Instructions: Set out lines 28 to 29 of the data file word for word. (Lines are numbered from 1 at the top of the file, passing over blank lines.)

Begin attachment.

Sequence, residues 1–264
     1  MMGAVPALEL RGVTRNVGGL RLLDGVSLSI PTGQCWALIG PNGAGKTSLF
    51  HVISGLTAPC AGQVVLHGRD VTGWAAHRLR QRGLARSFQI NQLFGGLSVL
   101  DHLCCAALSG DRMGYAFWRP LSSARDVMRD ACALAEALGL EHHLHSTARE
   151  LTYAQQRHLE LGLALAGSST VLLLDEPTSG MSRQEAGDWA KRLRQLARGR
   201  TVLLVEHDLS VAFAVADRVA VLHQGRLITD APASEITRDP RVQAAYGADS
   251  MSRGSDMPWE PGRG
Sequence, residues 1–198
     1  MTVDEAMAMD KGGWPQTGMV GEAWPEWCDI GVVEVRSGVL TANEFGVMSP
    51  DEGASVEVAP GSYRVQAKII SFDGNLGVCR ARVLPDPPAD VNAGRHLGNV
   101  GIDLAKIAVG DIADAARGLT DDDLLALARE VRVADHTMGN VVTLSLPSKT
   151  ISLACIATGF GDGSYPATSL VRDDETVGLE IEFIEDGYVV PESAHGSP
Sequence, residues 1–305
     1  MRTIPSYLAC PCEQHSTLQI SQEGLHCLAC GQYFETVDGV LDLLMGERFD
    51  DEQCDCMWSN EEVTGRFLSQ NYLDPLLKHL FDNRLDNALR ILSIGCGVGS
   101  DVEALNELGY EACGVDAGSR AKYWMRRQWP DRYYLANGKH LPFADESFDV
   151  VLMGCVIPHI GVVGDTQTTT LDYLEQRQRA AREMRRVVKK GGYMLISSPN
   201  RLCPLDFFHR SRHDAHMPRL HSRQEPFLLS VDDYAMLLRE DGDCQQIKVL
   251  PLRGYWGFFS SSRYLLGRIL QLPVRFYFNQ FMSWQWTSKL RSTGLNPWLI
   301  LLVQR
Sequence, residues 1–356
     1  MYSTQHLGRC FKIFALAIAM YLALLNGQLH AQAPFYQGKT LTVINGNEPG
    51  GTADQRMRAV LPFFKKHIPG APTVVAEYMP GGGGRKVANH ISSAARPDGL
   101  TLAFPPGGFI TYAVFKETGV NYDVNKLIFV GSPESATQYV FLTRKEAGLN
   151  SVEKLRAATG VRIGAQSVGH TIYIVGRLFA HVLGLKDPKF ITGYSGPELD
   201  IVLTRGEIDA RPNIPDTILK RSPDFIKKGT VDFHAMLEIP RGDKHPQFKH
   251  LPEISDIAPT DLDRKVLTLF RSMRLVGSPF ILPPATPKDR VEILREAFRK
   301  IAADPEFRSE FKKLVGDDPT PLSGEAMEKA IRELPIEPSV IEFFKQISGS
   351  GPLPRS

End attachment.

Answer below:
   301  IAADPEFRSE FKKLVGDDPT PLSGEAMEKA IRELPIEPSV IEFFKQISGS
   351  GPLPRS